focuses on observations for accurate numerical weather analysis and prediction, timely watches and warnings in advance of hazardous weather, and the special requirements of climate monitoring.

The charge to this committee was to (1) focus on time scales less than 48 hours, but keep longer time scales in mind; (2) focus on U.S. and adjacent coastal regions, but keep global observing system requirements in mind; (3) focus on ground-based in situ and remote sensing observations, but keep the utility of satellite observations in mind; (4) focus on the atmospheric boundary layer, but keep the deep troposphere in mind. Within this context, the hazardous weather events most important to detect, monitor, and predict are

  • flooding from a large-scale storm

  • Nor’easters

  • snowstorms and ice storms

    (For the above three items, precipitation type, intensity, and amount [in the case of snow and ice, liquid equivalent and accumulation on the ground] are all important.)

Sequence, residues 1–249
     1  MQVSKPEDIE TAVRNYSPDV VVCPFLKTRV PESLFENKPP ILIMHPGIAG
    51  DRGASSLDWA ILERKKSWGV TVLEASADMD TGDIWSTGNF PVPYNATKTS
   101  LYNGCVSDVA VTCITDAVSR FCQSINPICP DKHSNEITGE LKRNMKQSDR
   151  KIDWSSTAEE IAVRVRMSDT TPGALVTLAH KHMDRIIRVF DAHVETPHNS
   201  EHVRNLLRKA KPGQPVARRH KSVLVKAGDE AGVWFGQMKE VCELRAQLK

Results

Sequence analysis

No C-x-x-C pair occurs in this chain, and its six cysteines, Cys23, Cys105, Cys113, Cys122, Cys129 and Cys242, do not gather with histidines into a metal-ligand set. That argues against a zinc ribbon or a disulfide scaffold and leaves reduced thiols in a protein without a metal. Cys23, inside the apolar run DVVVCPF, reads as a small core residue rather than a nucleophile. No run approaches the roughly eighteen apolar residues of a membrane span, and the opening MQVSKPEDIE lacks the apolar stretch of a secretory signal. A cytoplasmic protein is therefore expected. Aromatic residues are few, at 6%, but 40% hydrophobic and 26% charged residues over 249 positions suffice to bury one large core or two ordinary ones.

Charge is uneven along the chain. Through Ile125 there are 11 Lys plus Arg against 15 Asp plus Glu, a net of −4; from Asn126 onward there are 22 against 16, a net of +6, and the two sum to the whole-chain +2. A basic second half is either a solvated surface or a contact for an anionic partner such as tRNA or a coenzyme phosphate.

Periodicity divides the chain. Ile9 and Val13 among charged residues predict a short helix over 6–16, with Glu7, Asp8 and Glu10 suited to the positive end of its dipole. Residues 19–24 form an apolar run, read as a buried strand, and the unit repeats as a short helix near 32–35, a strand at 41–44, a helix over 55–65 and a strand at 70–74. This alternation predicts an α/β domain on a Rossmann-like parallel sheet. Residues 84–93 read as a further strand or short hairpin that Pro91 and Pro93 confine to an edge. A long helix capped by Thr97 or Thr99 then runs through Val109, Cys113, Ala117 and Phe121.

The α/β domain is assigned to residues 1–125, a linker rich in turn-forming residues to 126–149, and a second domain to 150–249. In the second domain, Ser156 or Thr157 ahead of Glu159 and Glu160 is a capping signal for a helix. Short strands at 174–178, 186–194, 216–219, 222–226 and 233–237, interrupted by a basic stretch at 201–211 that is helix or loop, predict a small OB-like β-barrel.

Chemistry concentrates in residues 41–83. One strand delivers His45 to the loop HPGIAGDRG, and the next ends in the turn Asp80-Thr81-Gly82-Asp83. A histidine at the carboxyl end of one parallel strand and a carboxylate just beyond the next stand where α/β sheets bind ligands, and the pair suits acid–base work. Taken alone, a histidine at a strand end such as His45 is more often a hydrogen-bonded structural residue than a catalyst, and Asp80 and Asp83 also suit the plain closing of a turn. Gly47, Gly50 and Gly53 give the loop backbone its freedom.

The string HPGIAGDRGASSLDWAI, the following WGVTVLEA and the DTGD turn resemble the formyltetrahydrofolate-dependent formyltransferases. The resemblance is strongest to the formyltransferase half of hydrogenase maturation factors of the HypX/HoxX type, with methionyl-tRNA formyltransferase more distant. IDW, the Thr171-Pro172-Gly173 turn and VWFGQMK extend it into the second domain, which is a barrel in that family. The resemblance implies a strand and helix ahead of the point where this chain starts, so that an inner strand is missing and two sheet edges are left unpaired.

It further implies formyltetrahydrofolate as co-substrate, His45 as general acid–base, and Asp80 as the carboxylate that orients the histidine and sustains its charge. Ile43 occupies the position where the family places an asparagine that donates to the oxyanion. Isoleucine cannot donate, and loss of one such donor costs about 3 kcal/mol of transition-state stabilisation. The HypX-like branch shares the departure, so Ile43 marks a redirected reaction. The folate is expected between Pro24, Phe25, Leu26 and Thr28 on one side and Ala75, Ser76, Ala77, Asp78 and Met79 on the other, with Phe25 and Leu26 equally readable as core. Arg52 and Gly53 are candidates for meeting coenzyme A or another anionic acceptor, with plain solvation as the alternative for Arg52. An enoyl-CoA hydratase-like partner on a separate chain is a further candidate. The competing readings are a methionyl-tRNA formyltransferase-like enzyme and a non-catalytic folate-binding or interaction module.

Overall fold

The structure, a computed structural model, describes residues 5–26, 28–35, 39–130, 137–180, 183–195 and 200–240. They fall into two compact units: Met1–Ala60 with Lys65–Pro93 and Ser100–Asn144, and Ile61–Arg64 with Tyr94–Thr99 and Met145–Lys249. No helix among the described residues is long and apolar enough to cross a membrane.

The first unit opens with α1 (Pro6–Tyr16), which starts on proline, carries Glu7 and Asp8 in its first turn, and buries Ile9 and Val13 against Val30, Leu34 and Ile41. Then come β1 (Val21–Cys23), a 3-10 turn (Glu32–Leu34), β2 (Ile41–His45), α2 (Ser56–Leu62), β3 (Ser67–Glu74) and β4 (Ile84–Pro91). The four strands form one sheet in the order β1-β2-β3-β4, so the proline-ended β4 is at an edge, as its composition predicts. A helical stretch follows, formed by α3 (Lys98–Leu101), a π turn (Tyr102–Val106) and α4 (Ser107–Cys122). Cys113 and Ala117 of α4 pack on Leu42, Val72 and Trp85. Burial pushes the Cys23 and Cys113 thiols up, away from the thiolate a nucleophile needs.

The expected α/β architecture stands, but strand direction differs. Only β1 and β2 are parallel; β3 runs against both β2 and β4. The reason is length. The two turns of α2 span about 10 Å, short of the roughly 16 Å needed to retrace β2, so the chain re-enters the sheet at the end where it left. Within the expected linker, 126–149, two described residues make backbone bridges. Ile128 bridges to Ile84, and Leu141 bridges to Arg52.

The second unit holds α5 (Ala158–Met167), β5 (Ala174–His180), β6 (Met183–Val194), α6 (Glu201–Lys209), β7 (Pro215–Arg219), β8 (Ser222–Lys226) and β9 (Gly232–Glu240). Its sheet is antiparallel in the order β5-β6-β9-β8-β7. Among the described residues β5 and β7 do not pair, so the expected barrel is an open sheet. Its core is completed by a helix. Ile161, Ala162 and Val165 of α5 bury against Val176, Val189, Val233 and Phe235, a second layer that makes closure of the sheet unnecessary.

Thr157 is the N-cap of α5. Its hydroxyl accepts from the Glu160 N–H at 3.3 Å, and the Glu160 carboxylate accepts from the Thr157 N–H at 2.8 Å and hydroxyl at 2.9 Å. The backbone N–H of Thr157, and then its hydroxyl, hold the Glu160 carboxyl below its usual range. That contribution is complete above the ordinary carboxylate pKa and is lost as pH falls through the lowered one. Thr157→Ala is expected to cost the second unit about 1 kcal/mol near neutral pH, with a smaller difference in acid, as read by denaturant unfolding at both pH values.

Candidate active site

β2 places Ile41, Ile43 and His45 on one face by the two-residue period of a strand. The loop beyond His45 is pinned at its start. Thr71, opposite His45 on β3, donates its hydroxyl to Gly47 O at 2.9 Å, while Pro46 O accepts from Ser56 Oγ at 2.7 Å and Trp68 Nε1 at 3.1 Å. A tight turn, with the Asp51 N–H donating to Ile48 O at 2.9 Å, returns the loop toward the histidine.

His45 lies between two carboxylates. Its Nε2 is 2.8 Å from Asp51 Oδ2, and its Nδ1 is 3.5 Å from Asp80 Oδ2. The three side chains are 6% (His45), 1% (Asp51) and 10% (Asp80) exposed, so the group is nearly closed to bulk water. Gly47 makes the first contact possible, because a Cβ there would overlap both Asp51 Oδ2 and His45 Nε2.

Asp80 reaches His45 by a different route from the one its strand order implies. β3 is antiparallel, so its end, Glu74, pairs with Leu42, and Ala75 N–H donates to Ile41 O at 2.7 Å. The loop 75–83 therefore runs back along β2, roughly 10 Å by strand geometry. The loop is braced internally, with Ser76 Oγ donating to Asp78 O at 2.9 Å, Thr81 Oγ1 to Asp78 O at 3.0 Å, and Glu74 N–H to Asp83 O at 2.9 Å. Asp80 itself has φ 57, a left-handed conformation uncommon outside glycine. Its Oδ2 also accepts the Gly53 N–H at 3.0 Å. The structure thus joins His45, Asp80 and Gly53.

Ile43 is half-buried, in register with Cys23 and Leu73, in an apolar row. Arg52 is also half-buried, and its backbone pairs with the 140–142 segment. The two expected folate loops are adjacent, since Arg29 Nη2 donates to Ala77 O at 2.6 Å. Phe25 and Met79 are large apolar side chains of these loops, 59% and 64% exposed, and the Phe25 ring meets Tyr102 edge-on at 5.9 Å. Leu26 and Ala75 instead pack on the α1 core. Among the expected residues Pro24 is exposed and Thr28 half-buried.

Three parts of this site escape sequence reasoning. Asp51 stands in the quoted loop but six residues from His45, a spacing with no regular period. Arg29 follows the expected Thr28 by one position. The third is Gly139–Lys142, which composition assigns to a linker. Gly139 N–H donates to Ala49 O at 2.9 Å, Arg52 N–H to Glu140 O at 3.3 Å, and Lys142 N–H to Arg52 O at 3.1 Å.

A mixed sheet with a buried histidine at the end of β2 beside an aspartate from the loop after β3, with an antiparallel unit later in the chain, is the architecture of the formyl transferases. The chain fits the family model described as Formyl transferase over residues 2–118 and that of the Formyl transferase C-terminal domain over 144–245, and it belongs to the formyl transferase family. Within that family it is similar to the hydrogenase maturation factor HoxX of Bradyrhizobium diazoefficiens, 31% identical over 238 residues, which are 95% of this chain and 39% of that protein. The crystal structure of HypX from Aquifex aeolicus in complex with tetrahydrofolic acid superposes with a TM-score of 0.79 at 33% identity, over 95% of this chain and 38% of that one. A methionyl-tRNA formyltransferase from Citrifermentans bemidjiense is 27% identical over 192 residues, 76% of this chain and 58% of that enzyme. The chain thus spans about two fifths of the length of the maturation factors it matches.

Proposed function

• hurricanes and tropical storms

  • air pollution1

  • thunderstorms, including mesoscale convective systems

    • lightning

    • flash floods

    • hail

    • straight-line damaging winds (resulting from squall lines or bow echoes)

    • tornadoes

  • windstorms without precipitation

    • downslope windstorms

    • pressure-gradient windstorms

  • fire weather

  • aviation hazards

    • in-cloud icing

    • downbursts

    • aircraft turbulence

The order in the above list is roughly by size and longevity. The time and space scales associated with these phenomena are depicted in Figure 2.1. All

1

This report covers the release of toxic substances, accidentally or deliberately. This topic is closest to “air pollution,” but, since it is not a natural phenomenon, it is not treated in Appendix A, nor is it mentioned in Table 2.1. The spatial and temporal scales for toxic releases (0.2 to 2.0 km and 15 min to hrs, respectively) are generally smaller than those for air pollution.



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